How Engaged are Your Employees

How Engaged are Your Employees

Managers occasionally graded on their team’s occupational health, a vague metric that measures employee satisfaction in both their work and personal lives. Employee engagement, which assesses how devoted employees are to helping their firm thrive, is a related idea that may not as often evaluate. While 71 percent of CEOs believe employee engagement is critical to their success, just 15% of employees in the United States believe they engaged. Unfortunately, for businesses, looking at the workforce via either the satisfaction or engagement lens reveals a workforce in crisis – upwards of 70% of U.S. workers are considering and/or actively seeking a new job.

What is the story here? Workplace stagnation and the prospect of a better job elsewhere, which are generally described not just as one with more compensation, but as one that offers a route to personal and professional growth and upward mobility. Let us assess your company’s employee development and engagement activities rather than listing the litany of failures. Many employees – at all levels — are dissatisfied with their positions, with no advice on how to develop or pivot in their careers and achieve the dignity of meaningful, impactful work as a result of the epidemic.

This article seeks to provide a clear action plan for analyzing your employees’ levels of engagement and taking specific efforts to develop the sort of devoted and dependable staff required to survive and grow in today’s industry. We discovered a number of frequent and recurrent flaws in career-development methods when investigating employee retention for our firm. These flaws are likely to be recognizable to most Fortune 500 companies, as well as growing, high-growth startups.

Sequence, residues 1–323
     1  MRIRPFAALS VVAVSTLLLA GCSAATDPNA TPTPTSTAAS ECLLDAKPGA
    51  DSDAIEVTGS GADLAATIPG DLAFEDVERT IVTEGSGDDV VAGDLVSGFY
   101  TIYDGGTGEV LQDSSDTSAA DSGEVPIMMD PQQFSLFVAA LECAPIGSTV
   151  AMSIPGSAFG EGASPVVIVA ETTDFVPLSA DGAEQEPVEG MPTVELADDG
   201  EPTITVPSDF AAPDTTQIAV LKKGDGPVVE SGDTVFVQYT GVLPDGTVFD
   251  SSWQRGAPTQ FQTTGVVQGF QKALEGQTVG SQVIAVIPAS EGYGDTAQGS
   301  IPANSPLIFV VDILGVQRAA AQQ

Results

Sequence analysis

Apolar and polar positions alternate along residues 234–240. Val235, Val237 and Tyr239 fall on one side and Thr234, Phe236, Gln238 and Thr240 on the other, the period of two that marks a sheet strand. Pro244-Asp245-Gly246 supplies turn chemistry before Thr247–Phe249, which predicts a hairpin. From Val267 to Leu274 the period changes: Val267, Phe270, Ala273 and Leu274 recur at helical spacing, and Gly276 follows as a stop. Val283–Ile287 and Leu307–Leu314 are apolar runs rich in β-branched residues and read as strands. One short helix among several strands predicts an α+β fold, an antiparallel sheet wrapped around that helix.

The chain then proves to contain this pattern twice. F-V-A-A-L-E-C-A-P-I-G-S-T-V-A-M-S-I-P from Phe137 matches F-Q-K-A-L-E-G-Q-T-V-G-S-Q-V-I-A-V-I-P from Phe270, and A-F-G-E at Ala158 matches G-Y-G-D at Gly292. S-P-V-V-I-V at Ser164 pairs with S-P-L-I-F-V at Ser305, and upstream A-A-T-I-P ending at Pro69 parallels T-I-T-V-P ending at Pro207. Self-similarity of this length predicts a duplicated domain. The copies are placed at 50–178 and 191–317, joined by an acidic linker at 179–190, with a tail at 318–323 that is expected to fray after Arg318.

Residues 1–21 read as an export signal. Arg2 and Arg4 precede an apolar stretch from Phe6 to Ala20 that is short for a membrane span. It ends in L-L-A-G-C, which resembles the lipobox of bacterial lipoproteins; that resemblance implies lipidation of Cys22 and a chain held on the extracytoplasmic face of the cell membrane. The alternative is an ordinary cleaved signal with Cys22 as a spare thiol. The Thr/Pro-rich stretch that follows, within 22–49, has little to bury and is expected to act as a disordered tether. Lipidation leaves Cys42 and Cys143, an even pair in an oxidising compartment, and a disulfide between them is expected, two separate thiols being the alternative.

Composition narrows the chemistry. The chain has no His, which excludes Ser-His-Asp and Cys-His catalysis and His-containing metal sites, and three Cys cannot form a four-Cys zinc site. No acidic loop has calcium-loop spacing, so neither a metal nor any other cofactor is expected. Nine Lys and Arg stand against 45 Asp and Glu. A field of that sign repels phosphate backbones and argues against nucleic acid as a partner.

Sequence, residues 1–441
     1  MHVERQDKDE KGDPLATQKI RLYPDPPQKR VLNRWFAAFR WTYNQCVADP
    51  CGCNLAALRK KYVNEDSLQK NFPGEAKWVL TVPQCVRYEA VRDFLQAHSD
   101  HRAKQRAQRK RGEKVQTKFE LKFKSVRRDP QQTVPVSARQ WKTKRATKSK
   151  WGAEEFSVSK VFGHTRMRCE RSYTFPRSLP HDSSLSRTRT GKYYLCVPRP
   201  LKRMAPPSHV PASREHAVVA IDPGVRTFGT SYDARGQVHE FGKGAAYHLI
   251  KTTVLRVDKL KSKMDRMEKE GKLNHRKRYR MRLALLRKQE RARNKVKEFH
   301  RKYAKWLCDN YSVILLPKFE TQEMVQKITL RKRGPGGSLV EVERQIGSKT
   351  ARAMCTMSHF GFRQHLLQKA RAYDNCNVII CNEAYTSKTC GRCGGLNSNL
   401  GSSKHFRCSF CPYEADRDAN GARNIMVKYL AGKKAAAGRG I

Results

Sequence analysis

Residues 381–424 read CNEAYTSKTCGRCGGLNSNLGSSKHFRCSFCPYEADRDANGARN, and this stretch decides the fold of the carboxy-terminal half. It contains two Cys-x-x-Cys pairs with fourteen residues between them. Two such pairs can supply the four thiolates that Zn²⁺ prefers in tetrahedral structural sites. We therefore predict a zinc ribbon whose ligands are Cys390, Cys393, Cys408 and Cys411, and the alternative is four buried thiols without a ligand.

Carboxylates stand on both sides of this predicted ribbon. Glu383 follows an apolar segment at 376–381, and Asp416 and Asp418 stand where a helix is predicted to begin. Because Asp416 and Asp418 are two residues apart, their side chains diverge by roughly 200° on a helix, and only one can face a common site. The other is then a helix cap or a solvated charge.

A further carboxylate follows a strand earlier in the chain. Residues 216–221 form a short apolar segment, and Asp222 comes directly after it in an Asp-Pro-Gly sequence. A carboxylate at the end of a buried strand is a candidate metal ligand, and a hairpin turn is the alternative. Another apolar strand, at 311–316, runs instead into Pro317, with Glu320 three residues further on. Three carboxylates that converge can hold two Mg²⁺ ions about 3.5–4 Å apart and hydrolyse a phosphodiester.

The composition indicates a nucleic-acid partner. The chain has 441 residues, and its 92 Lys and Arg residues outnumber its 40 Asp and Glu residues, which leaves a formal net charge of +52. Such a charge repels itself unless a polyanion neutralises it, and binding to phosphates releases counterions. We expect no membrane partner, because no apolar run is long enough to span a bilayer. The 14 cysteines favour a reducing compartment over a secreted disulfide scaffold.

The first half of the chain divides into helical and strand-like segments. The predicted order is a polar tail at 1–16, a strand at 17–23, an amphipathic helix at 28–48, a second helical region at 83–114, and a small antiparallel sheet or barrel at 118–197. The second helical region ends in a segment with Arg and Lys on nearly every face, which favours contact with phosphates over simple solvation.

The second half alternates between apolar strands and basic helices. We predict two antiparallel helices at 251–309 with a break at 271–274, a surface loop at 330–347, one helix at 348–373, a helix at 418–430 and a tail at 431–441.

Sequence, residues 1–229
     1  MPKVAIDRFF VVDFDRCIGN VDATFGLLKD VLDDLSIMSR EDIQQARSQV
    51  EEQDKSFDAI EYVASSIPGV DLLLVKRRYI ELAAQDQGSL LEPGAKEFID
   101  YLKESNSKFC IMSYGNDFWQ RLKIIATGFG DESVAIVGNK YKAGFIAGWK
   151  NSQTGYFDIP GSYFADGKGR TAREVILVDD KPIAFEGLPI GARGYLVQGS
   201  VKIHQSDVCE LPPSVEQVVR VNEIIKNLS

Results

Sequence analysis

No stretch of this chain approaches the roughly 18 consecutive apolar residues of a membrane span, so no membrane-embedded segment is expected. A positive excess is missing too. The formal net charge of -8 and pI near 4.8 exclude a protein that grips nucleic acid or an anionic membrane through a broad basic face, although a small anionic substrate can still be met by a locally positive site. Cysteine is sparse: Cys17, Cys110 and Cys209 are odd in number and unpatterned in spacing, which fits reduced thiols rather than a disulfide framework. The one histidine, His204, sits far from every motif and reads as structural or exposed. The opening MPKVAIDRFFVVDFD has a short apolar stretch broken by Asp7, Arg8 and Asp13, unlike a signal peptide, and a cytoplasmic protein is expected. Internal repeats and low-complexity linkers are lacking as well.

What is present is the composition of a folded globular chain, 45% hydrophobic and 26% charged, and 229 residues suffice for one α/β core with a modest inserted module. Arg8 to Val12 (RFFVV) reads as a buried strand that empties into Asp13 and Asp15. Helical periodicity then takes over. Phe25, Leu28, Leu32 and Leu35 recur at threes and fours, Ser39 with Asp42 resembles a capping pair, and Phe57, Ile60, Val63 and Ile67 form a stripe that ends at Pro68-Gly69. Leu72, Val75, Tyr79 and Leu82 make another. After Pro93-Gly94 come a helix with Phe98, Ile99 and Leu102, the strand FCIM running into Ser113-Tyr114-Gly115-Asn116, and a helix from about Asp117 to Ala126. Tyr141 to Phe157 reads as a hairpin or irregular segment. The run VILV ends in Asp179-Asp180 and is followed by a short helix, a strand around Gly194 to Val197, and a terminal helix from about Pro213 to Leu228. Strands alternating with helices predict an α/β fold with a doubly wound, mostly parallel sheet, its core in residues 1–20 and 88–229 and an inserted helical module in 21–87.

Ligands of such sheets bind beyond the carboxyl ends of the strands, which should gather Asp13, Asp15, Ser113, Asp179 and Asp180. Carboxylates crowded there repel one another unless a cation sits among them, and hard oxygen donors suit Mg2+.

We looked at the actions and tactics firms use to link their skills needs with workers’ capabilities and ambitions — especially, how they advance employees into roles that are both desirable to employees and necessary to employers. We discovered major behavioral-design flaws in three important areas: their strategy framework for employee engagement and progression, their implementation process and templates, and their goal setting and rewards.

We looked at upskilling and tuition reimbursement policies and spending, as well as individualized employee future-fit assessments, tools employee career pathway modeling and advancement, and early-in-career and diverse-hire career-progression programs, to get a better understanding of the companies’ strategic framework.

We looked at onboarding, employee performance and development, management feedback, and succession planning as implementation methods and templates. We looked at goals and awards at the manager and vice president levels that directly related to their actions and success in building and progressing employee careers.

Let us look at how your organization is doing with employee development and engagement. How many of the following questions do you know the answer to? In the last two years, has your firm conducted a procedure to identify skills or talent gaps across departments? Did your firm create role taxonomy for important positions as part of this process? Do you have a system and tools in place to map existing employees to that taxonomy, whether they are from within or outside the organization?